A California Dermatologist recently filed a class action lawsuit against the three major credit reporting agencies (CRAs), alleging the CRAs' decision to stop reporting medical debt below $500.00 has caused him and other medical professionals nationwide irreparable financial harm. Further, he claims that removing medical debt below $500.00 from credit reports will diminish access to medical care by driving providers out of certain markets.
In March 2022, the three major CRAs announced they would be changing how medical debt is included in credit reports. As part of these changes in April 2023, the CRAs stopped including medical debt of less than $500.00 on credit reports. On July 11, 2023, in prepared remarks to kick off the CFPB's hearing on Medical debt, CFPB Director Chopra appeared to take credit for these changes, stating, "The CFPB's work has led to major changes in the way medical bills are reported to the three credit reporting conglomerates: Equifax, Experian, and TransUnion. Consumer credit reports should not be used as a tool to coerce patients into paying bills that they already paid or may not even owe."
The Lawsuit and the Harm Claimed
On August 22, 2023, California Dermatologist Derrick Adams filed a class action lawsuit against the three CRAs, alleging that they conspired with one another and violated anti-trust laws by deciding together to stop credit reporting medical debt below $500.00. Dr. Adams claims that this change has caused him financial harm and will cause similar financial harm to doctors, optometrists, dentists, chiropractors, and other medical professionals across the country. Further, he claims that removing medical debt below $500.00 from credit reports will diminish access to medical care by driving providers out of certain markets.
To illustrate his current and future damages, Dr. Adams states that the majority of bills he sends to patients are below $500.00. When patients do not pay their bills, he uses third-party accounts receivable services (i.e., collection agencies) to attempt to collect the unpaid balances. In Dr. Adams' experience, the threat that an unpaid bill could end up on a credit report incentivized patients to pay their bills. Now, however, credit reporting is "rendered pointless," since the CRAs have agreed not to include debt in these amounts in credit reports. Since he has no other feasible means of reporting unpaid bills less than $500.00, fewer of his bills will be paid, causing significant financial harm.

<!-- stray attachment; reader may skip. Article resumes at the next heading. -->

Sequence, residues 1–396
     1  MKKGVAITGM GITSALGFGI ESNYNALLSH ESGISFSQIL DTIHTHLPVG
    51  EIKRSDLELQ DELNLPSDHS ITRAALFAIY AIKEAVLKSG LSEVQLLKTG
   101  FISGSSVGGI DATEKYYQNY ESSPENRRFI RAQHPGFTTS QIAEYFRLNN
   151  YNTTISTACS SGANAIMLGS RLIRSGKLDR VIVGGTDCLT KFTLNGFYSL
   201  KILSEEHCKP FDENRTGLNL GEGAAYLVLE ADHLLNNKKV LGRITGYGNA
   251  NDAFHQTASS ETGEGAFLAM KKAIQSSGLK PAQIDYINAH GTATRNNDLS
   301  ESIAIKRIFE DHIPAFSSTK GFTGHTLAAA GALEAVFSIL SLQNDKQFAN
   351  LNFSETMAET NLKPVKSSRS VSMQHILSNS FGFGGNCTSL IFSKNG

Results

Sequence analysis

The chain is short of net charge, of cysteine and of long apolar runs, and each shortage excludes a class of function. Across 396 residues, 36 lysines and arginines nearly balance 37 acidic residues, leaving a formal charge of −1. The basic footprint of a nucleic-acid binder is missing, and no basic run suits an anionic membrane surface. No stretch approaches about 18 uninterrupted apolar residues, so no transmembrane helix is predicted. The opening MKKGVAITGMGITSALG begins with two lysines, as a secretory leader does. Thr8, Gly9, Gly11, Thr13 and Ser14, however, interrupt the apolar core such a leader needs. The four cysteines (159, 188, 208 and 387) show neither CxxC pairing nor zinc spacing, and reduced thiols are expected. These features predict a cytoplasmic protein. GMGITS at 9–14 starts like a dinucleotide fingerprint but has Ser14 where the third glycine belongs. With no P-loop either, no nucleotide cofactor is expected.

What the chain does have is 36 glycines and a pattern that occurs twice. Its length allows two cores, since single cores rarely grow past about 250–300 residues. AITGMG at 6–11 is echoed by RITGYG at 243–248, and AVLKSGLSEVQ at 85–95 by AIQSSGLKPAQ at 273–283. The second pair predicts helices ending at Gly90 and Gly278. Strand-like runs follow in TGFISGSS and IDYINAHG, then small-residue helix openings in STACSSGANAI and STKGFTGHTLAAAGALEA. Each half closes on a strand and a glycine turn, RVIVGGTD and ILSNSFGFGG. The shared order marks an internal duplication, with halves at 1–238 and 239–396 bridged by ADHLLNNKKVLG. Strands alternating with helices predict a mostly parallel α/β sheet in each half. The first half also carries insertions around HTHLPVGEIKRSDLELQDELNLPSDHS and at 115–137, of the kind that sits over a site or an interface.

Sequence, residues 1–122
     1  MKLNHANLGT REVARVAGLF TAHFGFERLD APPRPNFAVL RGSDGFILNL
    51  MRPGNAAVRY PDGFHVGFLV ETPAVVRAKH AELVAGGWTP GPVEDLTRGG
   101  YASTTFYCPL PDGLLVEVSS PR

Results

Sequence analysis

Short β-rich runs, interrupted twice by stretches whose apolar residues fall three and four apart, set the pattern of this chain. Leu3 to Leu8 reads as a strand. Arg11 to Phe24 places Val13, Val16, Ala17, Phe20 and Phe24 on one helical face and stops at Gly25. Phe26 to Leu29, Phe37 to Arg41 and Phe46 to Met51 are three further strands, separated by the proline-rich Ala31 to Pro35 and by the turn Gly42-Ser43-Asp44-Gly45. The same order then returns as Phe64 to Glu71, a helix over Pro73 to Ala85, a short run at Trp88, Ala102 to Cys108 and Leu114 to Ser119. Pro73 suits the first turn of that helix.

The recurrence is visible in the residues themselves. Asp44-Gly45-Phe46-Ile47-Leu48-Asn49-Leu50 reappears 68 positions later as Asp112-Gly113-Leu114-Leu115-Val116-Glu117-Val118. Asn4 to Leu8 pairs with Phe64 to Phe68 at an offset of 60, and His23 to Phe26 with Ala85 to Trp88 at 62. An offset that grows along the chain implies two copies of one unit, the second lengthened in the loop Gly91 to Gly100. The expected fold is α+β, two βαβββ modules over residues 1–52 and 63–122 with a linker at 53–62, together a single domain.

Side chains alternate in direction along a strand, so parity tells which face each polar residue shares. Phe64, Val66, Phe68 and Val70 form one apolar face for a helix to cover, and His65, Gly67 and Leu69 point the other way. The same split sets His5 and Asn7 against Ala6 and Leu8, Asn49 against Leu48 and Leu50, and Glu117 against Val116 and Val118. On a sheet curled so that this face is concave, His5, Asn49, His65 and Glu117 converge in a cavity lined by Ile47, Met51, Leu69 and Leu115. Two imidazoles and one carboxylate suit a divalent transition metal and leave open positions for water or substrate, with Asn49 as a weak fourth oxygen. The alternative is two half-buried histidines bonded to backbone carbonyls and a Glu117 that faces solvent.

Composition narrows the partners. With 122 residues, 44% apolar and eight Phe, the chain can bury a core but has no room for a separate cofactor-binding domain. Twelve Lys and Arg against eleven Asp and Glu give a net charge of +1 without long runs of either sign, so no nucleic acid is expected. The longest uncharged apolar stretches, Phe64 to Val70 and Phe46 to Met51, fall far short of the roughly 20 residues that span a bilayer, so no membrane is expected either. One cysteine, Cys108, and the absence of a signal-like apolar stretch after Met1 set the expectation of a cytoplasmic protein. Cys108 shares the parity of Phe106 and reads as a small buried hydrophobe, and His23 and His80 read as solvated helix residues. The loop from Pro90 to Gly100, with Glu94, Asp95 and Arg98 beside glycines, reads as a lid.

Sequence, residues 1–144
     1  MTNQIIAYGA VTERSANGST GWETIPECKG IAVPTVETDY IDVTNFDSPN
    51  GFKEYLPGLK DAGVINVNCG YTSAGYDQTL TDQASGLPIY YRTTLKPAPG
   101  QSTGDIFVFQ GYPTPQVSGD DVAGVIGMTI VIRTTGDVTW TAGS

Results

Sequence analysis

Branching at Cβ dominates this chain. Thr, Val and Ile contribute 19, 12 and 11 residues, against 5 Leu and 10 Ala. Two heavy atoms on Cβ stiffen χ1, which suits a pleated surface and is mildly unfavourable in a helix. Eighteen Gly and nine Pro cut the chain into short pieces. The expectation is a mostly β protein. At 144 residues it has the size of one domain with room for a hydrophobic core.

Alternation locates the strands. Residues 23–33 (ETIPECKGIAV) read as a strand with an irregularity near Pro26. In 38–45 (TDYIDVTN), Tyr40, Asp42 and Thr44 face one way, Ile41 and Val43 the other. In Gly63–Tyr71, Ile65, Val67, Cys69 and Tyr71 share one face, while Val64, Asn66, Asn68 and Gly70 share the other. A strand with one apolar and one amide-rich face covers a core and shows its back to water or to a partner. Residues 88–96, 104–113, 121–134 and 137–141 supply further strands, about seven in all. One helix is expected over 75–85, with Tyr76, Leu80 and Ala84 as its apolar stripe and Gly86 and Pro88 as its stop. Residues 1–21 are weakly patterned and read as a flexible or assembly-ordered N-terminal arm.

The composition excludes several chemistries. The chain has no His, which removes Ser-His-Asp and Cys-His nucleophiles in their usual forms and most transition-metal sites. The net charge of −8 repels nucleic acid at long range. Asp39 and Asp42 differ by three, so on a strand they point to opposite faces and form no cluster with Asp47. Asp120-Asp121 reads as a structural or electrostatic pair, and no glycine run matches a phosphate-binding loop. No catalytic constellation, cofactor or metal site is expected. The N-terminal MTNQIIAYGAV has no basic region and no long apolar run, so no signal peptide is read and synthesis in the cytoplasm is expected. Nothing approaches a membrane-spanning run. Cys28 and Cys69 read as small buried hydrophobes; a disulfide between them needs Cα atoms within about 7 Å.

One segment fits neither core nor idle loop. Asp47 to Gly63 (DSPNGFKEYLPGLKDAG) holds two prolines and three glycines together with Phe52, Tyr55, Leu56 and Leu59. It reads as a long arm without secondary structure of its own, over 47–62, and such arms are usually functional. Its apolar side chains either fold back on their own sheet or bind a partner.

The financial damage is not limited to Dr. Adams or his practice. Using figures published by the CFPB, he claims that this will affect the repayment of tens of millions of dollars of medical bills nationwide. By deciding to stop reporting medical bills below $500.00, Dr. Adams claims that the CRAs have eliminated a valuable tool that medical providers use through their third-party agencies to incentivize patients to pay their bills. Consequently, medical providers will have to resort to more costly methods, such as employing more staff and third-party companies, adding to the financial harm and causing others to leave the market.
You can read the full lawsuit here.
It's important to look at the full picture here and recognize that the CFPB seemed to publicly take credit for this change. Though the CFPB has spent considerable time and effort touting its opinion regarding how these changes to credit reporting will help consumers, it does not seem there has been much research into how changes to medical debt credit reporting will affect those on the other side of the equation- small physician practices, like the one run by Dr. Adams.
Small doctor's offices are crucial to our healthcare system. Industry associations have made the points raised in Dr. Adams's suit repeatedly, but those cautionary words yielded little to no results. It's unfortunate that Dr. Adams and other doctors across the country may have been harmed by removing medical debt below $500.00 from credit reports, but perhaps this lawsuit will cause the CFPB to pay attention to some of the real-world consequences of its initiatives. This is especially important in light of the CFPB's new proposed rulemaking, which makes it clear that it wants all medical debt removed from credit reports. Though the outline of the proposed rulemaking covers more than medical debt, the actual title of the press release was "CFPB Kicks Off Rulemaking to Remove Medical Bills from Credit Reports."
The ARM industry and the medical community should continue to be vocal with the CFPB and remind them that harm to consumers is not just limited to financial issues. Harm and collateral damage from unintended consequences can occur on many fronts- including reduced access to healthcare. Hopefully the CFPB will pay attention to warning bells sounded by Dr. Adams in this suit.